Duroplast is a composite thermosetting plastic, a close relative of formica and bakelite. It is a resin plastic reinforced with fibers (either cotton or wool) making it a fiber-reinforced plastic similar to fiberglass.
Duroplast was used by the German Democratic Republic state owned automobile manufacturer called VEB Sachsenring Automobilwerke Zwickau from 1955 to until 1991, just after German Reunification. It was the material used to produce the body of the Trabant. There were four main versions of the Trabant, the 1963-1990 Trabant 601 was the longest running. The successor company is called HQM Sachsenring GmbH.
Duroplast is light and strong. It is made of recycled material, cotton waste and phenol resins. Because it can be made in a press similar to shaping steel, it is more suitable for volume car production than fiberglass.
Similar to fiberglass, Duroplast has limited possibilities for efficient disposal. As discarded Trabants began to fill junkyards, creative solutions sprung up for disposing of them. One of these was developed by a Berlin biotechnology company, which experimented with a bacterium to consume the body in 20 days. Urban legends, depicted in the movie Black Cat, White Cat and described in a song by the Serbian band Atheist Rap, described recycling Duroplast by feeding the cars to pigs, sheep and other farm animals. In the late 1990s, the same Trabant factory in Zwickau developed a solution for disposing of the Duroplast shells by shredding them and using them as an aggregate in cement blocks for pavement construction. This was featured in an episode of the program Scientific American Frontiers on the American PBS TV channel.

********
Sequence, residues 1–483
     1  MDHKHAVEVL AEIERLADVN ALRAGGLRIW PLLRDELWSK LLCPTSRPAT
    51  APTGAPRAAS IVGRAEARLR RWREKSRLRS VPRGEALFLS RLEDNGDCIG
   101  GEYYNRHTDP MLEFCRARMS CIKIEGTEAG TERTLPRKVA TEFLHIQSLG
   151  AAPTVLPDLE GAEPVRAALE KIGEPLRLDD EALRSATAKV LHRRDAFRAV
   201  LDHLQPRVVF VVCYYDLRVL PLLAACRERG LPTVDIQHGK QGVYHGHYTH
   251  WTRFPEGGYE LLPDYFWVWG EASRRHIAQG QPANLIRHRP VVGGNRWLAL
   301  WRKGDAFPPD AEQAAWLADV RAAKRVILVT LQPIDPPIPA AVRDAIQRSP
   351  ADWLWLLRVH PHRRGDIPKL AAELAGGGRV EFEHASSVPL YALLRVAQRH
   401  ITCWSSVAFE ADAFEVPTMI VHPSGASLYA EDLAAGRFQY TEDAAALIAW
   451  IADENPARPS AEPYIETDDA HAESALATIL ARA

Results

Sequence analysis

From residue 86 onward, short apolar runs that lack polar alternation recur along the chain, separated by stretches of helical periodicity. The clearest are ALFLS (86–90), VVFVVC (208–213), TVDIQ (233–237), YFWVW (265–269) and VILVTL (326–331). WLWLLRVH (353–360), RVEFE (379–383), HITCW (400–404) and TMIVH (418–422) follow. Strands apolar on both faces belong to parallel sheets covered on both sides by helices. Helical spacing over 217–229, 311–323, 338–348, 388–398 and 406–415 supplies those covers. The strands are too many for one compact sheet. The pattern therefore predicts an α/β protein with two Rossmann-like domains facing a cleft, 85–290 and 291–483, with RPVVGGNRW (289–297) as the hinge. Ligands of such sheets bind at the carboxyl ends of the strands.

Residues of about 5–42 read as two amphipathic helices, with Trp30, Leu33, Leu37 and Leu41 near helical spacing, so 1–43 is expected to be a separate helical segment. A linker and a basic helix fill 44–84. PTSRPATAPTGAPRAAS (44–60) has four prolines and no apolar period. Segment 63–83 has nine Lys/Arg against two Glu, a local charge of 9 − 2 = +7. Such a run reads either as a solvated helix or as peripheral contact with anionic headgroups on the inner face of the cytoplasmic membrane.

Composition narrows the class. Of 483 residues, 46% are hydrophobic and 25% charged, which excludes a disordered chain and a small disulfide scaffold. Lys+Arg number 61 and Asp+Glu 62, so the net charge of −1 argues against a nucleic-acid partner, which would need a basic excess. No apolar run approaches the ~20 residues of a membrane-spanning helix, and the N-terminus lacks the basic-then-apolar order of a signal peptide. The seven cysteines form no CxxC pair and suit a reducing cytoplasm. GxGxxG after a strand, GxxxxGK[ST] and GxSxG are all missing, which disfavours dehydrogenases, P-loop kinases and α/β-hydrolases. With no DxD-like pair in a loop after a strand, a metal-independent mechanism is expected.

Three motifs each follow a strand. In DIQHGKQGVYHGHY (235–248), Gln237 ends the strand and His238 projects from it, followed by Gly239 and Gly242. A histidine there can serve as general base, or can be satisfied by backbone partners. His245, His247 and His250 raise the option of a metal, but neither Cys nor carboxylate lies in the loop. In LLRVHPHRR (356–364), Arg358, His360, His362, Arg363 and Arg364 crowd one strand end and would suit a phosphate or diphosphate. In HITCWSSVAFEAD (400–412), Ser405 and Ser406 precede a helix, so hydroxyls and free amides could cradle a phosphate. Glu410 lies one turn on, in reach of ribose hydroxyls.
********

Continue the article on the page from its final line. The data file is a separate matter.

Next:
- "Duroplast, on season 4, episode 2". Scientific American Frontiers. Chedd-Angier Production Company. 1993–1994. PBS. Archived from the original on 2006.
- Kumar, Arvind (2004), Environment Contamination & Bioreclamation, APH Publishing, p. 32, ISBN 978-81-7648-587-6.
- Petrány, Máté (February 13, 2015). "How Come Duroplast Didn't Become A Thing While Fiberglass Went Big?". Jalopnik. Retrieved 2 July 2015.
- Tony Davis (2005) "Lemon!: Sixty Heroic Automotive Failures", ISBN 1-56025-757-1, Chapter "Trabant P601, p.156-158